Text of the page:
Mfebe said it took less than three months for contractors to prepare their bids for the cancelled projects after they were re-advertised for only one month.
The principle of competitiveness and fairness cannot on this basis be viewed as having been met because new players would have had only one month to prepare good quality bids, he said.
Mfebe said the re-advertisement of the tenders would also unfairly disadvantage bidders who had previously submitted bids because their prices for these projects would be known, which would affect the competitiveness of the tenders.
“Those issues have contaminated the five pillars that are enshrined in the Constitution,” he said.
Meanwhile, Black Business Council in the Built Environment (BBCBE) CEO Gregory Mofokeng said it is a concern that the tender awards have been dominated by international companies, but stressed that the council needs to closely study the bids to determine how many local companies tendered for these opportunities and the pricing of their bids relative to the Chinese companies.
He also stressed the importance of bids from local companies being competitive.
Mofokeng said the awards will not only have a positive impact on employment in South Africa but also support the country’s material manufacturers and suppliers and localisation strategy.
He said the BBCBE would be communicating with Sanral to ensure these Chinese companies did not import all or the bulk of their material for these projects from China.
“It will definitely also be a no-no for them to import labour. We are going to restrict the Chinese to importing those skills that the country has already decided are scarce skills.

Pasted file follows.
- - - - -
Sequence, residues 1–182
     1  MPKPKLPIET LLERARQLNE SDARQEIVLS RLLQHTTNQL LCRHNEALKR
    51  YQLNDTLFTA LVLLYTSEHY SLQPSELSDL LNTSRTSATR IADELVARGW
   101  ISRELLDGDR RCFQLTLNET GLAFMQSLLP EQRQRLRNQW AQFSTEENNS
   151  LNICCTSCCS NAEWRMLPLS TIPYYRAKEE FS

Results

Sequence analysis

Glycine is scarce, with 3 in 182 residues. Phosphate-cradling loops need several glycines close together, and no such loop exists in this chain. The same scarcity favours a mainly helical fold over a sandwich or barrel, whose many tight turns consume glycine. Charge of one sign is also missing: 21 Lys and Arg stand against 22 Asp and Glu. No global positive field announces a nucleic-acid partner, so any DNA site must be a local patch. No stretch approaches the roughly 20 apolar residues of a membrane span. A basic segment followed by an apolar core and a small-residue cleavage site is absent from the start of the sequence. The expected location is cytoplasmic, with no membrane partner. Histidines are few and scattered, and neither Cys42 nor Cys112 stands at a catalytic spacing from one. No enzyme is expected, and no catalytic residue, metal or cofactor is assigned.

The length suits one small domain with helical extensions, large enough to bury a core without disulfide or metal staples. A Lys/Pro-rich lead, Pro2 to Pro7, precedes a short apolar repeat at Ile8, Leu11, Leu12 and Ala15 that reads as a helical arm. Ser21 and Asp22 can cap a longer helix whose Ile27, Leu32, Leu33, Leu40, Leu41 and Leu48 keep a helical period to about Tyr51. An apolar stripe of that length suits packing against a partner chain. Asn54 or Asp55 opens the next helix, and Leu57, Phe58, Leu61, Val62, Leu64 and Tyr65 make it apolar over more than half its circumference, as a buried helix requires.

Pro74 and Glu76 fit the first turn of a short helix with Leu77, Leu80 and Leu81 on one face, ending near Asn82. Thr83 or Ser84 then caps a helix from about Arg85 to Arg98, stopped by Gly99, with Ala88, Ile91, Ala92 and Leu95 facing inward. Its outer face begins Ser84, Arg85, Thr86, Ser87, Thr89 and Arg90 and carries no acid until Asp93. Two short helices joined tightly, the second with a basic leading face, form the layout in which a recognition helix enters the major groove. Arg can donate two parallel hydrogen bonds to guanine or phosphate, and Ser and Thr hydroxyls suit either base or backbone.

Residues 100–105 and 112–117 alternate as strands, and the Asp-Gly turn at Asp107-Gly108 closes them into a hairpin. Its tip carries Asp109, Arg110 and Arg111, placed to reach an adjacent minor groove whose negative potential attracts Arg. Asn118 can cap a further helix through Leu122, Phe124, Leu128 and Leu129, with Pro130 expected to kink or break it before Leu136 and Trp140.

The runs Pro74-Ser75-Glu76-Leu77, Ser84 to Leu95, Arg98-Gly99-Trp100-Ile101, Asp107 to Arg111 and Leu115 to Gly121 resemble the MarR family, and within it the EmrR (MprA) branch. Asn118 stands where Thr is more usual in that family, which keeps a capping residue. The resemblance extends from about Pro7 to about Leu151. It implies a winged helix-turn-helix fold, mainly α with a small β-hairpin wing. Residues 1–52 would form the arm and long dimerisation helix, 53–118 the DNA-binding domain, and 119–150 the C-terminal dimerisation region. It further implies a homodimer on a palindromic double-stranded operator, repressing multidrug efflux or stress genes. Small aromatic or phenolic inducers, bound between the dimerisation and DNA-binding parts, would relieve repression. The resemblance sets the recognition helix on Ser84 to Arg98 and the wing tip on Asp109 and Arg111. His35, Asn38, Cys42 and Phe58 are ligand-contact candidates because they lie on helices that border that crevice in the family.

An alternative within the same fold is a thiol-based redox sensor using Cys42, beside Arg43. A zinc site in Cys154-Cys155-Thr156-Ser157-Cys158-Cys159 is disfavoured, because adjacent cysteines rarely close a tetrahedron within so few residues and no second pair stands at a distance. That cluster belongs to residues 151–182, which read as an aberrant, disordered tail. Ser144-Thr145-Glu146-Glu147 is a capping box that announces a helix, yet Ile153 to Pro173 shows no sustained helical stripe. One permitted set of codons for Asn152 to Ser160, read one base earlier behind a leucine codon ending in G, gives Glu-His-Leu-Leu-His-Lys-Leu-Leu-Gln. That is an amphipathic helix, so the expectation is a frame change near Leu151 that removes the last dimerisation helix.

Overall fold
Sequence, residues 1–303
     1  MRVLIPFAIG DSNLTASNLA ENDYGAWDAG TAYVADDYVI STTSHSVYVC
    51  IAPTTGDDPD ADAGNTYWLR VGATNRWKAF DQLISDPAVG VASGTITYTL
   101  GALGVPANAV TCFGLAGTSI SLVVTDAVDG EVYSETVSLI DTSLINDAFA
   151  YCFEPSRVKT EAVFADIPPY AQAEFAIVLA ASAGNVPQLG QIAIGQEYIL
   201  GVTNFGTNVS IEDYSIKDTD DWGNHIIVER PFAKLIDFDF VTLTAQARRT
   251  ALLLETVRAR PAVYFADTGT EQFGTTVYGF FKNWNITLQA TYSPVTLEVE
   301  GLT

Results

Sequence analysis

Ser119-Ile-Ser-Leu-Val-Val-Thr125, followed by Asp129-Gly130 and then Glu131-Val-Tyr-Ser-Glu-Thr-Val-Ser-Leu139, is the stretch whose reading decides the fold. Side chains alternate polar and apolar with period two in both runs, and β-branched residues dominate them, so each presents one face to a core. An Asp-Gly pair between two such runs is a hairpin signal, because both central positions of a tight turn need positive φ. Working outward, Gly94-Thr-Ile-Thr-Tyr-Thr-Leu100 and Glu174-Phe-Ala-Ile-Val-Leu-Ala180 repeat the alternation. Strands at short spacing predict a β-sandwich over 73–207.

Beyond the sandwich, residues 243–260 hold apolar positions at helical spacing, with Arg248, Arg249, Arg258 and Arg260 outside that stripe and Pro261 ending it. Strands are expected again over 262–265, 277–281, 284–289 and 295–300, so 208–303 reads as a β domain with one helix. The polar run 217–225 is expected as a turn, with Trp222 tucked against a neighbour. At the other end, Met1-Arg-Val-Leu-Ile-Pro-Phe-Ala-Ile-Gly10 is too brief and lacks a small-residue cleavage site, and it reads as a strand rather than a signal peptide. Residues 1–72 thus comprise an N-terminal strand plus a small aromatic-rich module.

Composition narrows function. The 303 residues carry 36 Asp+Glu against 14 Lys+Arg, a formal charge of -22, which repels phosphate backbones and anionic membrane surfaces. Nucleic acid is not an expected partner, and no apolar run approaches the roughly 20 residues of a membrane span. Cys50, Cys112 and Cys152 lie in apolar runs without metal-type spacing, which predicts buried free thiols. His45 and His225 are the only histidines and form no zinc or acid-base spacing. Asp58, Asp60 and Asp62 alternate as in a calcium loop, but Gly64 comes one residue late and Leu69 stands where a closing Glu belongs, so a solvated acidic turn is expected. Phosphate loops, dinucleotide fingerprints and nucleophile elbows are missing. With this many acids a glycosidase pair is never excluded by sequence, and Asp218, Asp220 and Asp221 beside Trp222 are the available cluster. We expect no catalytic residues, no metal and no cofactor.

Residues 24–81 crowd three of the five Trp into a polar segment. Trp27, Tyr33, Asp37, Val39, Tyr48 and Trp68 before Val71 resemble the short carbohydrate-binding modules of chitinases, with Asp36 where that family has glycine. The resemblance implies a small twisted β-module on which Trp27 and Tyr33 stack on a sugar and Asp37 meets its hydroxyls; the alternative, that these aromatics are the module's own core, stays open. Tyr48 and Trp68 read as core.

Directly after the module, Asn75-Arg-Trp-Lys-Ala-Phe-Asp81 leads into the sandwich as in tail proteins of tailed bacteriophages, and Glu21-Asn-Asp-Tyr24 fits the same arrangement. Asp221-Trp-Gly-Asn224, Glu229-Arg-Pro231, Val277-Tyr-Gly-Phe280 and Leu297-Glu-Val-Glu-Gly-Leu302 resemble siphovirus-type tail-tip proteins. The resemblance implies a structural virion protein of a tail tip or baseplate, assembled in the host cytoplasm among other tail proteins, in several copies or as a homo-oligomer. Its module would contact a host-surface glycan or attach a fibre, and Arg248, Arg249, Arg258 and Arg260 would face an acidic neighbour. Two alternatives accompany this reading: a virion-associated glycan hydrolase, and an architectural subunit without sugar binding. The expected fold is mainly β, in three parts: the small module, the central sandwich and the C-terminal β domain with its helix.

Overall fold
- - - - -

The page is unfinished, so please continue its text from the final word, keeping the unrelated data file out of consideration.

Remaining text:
“From a black business perspective we are also looking forward to seeing what targets apply to these projects and looking closely at to what extent the black players will be supported, because we still have a developmental agenda [in South Africa] whether it’s a local or international player,” he said.
The fifth cancelled tender – relating to the Open Road Tolling tender for the Transaction Clearing House operator for e-tolls on the Gauteng Freeway Improvement Project (GFIP) – has not yet been awarded.
Sanral said: “In light of the recent announcement by the Minister of Finance ‘to scrap e-tolls’, a decision on the Open Road Tolling tender (TCH Operator) has been put on hold pending clarity on key issues.”
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Sanral has been applauded for adjudicating and awarding the tenders in record time.
Sanral had however indicated in June 2022 that the anticipation was that the tender awards for the five cancelled projects would be made by September 2022. Construction industry associations and stakeholders had expressed serious doubts that this deadline would be met.